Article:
Depending on where you travel, your living space may come with its own set of odors—some great, and some not-so-great. Whether it’s the smell of sautéing onions, the aroma of an old wooden building, or the inherent “funkiness” of a university dorm, it’s hard to feel truly at home in a space with an unfamiliar smell. One easy workaround is to purchase a candle while you’re abroad. Use it responsibly, of course, and never leave it burning late at night or while you’re away from the room. The soft glow and pleasant scent will make your living space feel warm and inviting. If open flames are a no-go, try purchasing a small, roller-ball vial of an essential oil like lavender, mint, or lemon. A quick dab to your wrists and temples will make you feel as though your room is scented, without bothering your housemates.


If you buy a great trinket for someone back home, why hide it in your suitcase? Assuming you live with trustworthy housemates, you can use your souvenirs as temporary home décor. Little glass bowls, ceramic tiles, paperweights, wooden carvings, and scarves can all be used to tastefully enhance your living space. Even everyday items, like a Coke bottle in your host country’s language or a pretty set of postcards, can serve as makeshift decor. If you need any inspiration, websites like Pinterest and Apartment Therapy have plenty of great ideas.


Plants are my favorite way to add softness and vibrancy to any room. If you don’t have much of a green thumb, start with fresh flowers—either from a market, or that you (legally) gather when you’re out on a walk. A makeshift bouquet makes any room feel more put-together, and it will add a little joy to your room, no matter how bare your walls are. If you’re willing to make a longer-term commitment, find a houseplant at a local market or gardening center. Not only will you have something to care for when you’re abroad, but you’ll be able to gift it to your host or a local friend when your travels come to an end.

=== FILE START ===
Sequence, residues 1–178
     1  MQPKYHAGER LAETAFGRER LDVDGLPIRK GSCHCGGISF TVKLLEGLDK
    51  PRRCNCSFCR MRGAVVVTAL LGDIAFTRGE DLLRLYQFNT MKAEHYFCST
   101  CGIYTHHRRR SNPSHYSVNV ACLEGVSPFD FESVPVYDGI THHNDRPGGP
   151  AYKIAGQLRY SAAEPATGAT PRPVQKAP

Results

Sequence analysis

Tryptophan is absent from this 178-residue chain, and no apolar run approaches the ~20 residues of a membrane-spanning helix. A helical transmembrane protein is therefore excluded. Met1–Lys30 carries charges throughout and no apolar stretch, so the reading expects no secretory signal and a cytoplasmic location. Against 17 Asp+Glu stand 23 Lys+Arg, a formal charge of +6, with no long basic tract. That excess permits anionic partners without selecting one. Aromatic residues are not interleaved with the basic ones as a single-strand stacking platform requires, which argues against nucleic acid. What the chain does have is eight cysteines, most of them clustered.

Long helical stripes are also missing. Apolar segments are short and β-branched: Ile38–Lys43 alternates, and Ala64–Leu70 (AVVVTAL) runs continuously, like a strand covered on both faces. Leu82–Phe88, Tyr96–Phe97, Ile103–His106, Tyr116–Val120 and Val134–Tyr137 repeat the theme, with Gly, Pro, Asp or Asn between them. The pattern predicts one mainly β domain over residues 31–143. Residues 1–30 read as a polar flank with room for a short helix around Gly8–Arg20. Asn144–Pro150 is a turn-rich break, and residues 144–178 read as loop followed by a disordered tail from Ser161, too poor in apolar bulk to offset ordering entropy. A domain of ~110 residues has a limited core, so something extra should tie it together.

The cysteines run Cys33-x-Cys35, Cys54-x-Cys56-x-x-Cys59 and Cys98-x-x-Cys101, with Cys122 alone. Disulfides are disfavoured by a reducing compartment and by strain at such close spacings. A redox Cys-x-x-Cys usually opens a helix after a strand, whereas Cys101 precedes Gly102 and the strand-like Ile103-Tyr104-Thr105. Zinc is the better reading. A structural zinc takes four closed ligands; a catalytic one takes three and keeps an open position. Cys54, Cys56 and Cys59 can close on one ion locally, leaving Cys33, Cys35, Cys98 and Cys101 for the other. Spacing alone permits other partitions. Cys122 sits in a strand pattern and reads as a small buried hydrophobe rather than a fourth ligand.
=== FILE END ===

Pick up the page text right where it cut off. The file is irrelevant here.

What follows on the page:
About the Author

Grace Lower

Grace Lower has a love for all things writing and travel. When she's not exploring new places, Grace enjoys teaching English as a Second Language, making terrible puns, and running incredibly long distances at incredibly slow speeds.

Search Posts

Newsletter alert

Receive our monthly inspiration and travel tips from the travel insurance experts.

  Sign me up

This website and various social media updates provided by Seven Corners contain content, information, articles, videos, and links to websites created by third parties. Seven Corners, its owners, and its employees neither endorse nor are responsible for the accuracy, timeliness, or reliability of any third-party information, statements, opinions, or advice and are not liable for any loss, harm, or damage caused by your reliance upon them. Use of such information or the linked websites is entirely at your risk. Concerns regarding this third-party content should be directed to the third party. Seek professional advice, as appropriate, regarding your use of such information and websites.

Because the information on this website and in Seven Corners’ blogs and other social media is written and compiled using knowledge and information available at a certain point in time, it may become outdated. For that reason, information, events, legal requirements, and product changes (including benefits, limitations, exclusions, and services) may not be up-to-date, complete, or accurate at the point in time it is being read. Again, use of such information is at your risk.